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Contact shares hit 7-month low on price rise announcement

Thursday 11th February 2010

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Shares in Contact Energy Ltd sank to a seven month low of $5.65 a share on thin volumes in NZX trading today, following disclosure that the company is raising tariffs for around 75% of its 479,000 customers by around 5%.

Fewer than 200,000 Contact shares had changed hands by late in trading today, making it an average trading day for the country's largest listed energy retailer, but the 2.5% fall compared with 0.5% for the NZX50 index. The share price was last lower, at $4.63, last July 10.

In less competitive times, the Contact share price has tended to rise on news of tariff increases, especially applied so widely. 

However, dramatic customer losses and unprecedented retail market competition since late 2008 may have reduced investors' confidence that the company execute price increases ahead of the rest of the market without sustaining further customer losses, said Andrew Harvey-Green at broker Forsyth Barr.

"Maybe they're scared of the customer haemorraging," he said, although the volumes suggested there was no institutional activity driving the share price fall.

Energy Minister Gerry Brownlee also made careful but critical comments about the increase, questioning why the electricity industry expected to be able to charge prices reflecting the cost of plant that not yet been built.

Contact is due to report its first half on Feb. 23, and spokesman Jonathan Hill said the company was planning detailed disclosure on the impact of rising transmission and local monopoly network charges on tariffs.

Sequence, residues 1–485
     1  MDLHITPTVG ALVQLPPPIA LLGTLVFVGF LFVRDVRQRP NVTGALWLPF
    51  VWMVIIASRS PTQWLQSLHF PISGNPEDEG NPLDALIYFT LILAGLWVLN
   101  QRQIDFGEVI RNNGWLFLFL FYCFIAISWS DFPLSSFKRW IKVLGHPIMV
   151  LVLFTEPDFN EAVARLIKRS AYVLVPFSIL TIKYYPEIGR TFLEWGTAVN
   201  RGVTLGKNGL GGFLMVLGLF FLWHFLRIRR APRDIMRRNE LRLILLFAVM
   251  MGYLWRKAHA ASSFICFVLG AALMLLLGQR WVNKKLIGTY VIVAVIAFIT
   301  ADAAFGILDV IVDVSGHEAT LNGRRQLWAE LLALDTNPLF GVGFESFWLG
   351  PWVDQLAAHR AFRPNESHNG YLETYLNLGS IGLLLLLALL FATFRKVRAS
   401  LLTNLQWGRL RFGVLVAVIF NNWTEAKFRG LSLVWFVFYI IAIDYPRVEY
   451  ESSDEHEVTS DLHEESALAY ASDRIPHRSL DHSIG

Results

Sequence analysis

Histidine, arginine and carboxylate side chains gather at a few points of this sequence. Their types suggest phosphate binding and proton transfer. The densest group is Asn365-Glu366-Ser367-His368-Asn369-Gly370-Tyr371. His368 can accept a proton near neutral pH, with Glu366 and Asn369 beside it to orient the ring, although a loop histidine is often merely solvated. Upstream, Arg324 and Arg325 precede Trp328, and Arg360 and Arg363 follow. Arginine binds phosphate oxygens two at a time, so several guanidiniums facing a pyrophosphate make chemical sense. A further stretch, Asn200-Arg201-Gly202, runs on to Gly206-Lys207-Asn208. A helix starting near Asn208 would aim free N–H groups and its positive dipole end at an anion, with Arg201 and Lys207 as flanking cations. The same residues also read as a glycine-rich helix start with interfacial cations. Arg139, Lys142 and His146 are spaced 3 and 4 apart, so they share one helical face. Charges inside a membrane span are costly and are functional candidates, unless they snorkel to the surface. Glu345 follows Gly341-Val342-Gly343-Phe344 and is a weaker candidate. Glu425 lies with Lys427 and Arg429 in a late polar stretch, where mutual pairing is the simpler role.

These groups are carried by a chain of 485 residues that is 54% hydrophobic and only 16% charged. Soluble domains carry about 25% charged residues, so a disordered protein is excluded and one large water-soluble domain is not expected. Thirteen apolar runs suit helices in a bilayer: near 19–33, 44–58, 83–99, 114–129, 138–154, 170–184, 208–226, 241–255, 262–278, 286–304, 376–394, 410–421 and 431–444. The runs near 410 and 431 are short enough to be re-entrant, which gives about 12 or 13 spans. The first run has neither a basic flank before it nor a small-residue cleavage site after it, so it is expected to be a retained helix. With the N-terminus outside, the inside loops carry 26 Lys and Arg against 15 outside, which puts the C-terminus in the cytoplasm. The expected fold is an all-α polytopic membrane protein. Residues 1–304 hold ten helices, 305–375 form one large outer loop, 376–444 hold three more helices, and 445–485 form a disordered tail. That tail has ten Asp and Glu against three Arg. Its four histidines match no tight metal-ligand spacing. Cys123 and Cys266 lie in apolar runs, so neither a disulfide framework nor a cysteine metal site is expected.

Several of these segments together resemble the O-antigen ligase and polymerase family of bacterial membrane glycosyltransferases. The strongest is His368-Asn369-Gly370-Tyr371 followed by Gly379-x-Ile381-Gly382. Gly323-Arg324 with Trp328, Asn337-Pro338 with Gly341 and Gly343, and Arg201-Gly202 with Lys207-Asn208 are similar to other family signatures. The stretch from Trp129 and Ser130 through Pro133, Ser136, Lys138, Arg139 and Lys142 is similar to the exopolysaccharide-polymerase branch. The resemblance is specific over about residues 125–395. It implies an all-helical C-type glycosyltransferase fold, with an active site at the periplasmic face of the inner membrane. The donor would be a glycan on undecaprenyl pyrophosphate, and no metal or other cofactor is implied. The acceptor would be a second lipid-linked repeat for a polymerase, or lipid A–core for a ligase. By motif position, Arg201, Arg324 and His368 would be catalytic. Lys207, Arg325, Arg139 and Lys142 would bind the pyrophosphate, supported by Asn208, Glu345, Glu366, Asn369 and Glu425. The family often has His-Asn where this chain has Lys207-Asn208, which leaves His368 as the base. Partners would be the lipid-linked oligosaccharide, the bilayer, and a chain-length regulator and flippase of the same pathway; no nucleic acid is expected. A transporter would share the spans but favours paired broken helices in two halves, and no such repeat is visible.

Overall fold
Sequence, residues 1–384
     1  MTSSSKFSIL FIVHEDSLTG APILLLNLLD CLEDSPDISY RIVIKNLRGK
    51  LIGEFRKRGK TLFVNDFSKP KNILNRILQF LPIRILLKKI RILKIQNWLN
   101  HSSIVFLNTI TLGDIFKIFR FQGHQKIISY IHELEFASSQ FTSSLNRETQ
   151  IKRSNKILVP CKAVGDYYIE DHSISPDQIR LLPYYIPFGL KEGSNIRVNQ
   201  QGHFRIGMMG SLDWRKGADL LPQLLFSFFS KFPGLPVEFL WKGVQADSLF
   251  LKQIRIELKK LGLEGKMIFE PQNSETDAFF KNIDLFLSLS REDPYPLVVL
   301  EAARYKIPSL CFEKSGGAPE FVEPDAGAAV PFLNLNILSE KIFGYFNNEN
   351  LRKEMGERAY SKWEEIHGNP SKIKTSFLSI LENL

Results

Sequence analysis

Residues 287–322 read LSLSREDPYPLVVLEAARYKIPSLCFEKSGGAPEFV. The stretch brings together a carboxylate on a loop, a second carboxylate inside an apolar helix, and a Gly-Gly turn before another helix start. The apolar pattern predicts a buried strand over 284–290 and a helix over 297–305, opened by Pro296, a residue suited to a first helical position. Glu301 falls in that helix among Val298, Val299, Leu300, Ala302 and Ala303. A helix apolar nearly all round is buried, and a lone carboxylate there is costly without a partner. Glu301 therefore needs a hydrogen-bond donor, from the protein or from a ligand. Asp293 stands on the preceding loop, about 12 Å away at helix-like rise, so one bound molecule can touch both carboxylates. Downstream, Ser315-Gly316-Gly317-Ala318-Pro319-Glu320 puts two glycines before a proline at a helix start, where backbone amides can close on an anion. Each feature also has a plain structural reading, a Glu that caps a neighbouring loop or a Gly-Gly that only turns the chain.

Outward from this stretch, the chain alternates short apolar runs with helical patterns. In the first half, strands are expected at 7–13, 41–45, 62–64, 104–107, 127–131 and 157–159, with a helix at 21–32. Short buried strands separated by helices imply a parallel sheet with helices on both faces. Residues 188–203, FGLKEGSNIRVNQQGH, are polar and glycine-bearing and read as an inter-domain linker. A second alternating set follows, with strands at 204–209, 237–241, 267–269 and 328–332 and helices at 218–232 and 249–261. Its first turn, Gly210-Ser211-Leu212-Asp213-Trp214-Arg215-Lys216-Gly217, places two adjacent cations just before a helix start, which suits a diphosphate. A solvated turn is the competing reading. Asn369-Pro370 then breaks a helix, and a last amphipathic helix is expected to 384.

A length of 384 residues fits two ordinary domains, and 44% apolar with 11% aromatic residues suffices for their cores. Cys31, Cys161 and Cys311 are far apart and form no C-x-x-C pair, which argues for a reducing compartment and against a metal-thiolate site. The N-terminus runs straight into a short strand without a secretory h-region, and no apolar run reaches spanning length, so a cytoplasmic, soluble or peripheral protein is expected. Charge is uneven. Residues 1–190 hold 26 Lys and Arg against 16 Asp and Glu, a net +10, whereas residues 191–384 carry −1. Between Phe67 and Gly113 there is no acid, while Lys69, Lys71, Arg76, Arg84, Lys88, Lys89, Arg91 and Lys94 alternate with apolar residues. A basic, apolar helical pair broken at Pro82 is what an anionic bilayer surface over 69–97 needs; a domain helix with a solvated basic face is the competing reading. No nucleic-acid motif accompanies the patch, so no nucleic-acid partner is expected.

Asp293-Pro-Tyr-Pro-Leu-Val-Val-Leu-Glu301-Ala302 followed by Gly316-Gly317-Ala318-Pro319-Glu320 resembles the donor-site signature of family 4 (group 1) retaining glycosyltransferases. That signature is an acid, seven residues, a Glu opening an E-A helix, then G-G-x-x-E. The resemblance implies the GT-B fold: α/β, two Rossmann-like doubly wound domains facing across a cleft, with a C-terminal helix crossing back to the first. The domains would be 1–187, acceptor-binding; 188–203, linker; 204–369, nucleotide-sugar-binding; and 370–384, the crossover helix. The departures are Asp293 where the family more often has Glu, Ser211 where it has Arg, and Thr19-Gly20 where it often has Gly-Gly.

An increase of 5% in Contact's Far North incumbency in January reflected a 20% increase in charges from the local network operator, Top Energy, while the national grid operator, Transpower, is making multi-billion investments in upgrades to improve security of national supply. These upgrade costs will also be feeding into tariffs which Contact says are too low to make it economic to run efficient natural gas-fired plant.

Listed competitor TrustPower's spokesman Graeme Purches said the Tauranga-based firm had not recently notified increases and had nothing planned until a likely 3% increase in tariffs in Nelson City in June.

However, TrustPower had instituted no price freezes in the past year, unlike Contact and state-owned Meridian and Mercury Energy. A quarter of Contact's customers in four areas have their tariffs frozen until October.

Contact has been unwilling to provide earnings guidance for the half-year, owing to the volatility of wholesale electricity market conditions and retail competitor activity.


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